Save the planet

Use everyday life to teach your children to save our environment.

  1. Rather buy paper or reusable straws than plastic straws. Show kids books or videos of how plastic lands up in the oceans and kills bird and sea life. 
  2. Set up a recycling station at home and teach children what materials can be recycled. Some refuse services will pick up recycling weekly or it will need to be off loaded at a recycling depot.
  3. Reuse gift bags for other presents.
  4. Create a scrap paper pile for drawing, making lists or rough work for homework.
  5. Teach children to switch off electricity when not in use. For example, heaters or room lights.
  6. Put on the dishwasher/washing machine when  full.
  7. Pass on well loved items such as clothing, toys and books. 
  8. Teach children to dispose of rubbish in bins in public places. If one is not available, rubbish should be taken home to throw away.
  9. Use water sparingly. Bath time is a good time to teach this. Don’t run full baths and encourage more showering. Don’t leave taps running unnecessarily or water the garden in midday heat.
  10. Recycle study notebooks, test papers and projects at the end of an academic school year.  
  11. Reuse plastic shopping bags, for example, for picking up pet deposits in the garden. Try to also use more reusable canvas bags for shopping.
  12. Reuse newspaper for absorbing oil from cooked food like chips or for cleaning windows. 
  13. Create art and wall features. For example, make a car out of boxes and decorate with items such a toilet paper rolls. Use containers such as tins and make a hanging plant wall.
  14. Create a compost heap or worm farm and show children nature’s life cycle. A compost heap uses decaying plant matter to create a good fertilser for soil in the garden. A worm farm is great way to get rid of raw fruit and vegetable waste. The worms eat the waste and produce a ‘worm tea’ that is great soil fertiliser for plants and trees.
  15. Collect rain water and make a rain gauge. Teach children to save water, an increasingly scarce resource.Use the rain water to water the garden.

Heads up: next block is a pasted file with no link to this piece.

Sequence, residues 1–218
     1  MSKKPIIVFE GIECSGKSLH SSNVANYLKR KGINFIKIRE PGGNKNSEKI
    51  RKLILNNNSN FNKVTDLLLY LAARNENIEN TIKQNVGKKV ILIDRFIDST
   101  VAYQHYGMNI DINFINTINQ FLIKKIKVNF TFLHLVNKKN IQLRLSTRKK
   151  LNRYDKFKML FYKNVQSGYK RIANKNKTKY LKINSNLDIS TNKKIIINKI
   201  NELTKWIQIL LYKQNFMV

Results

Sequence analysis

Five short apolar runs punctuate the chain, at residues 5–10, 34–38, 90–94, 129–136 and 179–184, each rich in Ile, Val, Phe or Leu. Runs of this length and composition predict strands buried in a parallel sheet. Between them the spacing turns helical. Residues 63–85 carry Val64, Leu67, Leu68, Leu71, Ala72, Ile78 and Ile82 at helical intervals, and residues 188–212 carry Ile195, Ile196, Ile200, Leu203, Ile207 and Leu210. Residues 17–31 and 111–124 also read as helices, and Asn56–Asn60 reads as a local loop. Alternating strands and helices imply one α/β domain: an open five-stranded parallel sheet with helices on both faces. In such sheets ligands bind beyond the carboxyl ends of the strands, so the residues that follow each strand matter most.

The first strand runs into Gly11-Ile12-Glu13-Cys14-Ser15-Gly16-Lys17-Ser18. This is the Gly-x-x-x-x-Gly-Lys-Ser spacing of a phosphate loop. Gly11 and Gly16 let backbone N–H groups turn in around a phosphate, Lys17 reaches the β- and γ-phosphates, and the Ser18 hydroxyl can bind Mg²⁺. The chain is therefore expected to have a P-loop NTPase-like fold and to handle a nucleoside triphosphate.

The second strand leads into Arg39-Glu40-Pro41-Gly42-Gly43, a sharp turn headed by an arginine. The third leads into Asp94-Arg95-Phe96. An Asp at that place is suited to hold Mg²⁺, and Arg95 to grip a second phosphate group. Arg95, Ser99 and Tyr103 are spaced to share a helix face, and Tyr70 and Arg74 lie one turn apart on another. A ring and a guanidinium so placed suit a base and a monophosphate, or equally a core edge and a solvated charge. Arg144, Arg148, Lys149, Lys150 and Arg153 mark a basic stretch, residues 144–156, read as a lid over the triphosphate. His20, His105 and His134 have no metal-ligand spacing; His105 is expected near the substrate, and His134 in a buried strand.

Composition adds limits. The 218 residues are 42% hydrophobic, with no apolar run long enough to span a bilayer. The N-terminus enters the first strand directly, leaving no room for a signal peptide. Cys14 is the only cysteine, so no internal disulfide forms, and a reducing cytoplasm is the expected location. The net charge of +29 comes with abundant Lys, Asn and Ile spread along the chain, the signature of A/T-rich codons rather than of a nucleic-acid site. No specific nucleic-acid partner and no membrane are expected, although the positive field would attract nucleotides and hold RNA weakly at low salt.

16. Get involved in clean up campaigns such as at public parks, beaches and rivers. 
  17. Read books about preserving our environment, e.g., Dr. Seuss’ The Lorax.
  18. Enjoy nature. This makes children appreciate it and want to preserve it, for example go camping, picnicking or hiking.
  19. Garden. Plant trees, they produce oxygen and capture carbon dioxide. They also provide beauty as well as food and homes for birds. Buy indoor plants/pots if you don’t have a big garden. Create a fairy or secret garden to make it more fun for children. Use organic sprays for plants.
  20. Plant herbs and vegetables at home, instead of buying them.
  21. Walk, bike or take public transport. Organise carpools to get to work, school or social events. These are more fuel-efficient and emit less carbon.
  22. Try to use solar power at home. For example, heating pools or geysers. It may be expensive upfront but it saves money in the long term.
  23. Use compact fluorescent or LED bulbs to save energy.
  24. Pay for services, entertainment or bills online and ask for electronic statements.
  25. Repaint and reaccessorise home furniture instead of buying them new.

Wendy Roux

Wendy Roux

Wendy Roux is a mother of a teen and a 12 year old. She has worked in teaching, the corporate environs and publishing. She is also the author of Checklist Parenting, aimed at parents of young school going children. The handbook offers parenting checklists, covering a range of topics, in a well laid out, easy to read format


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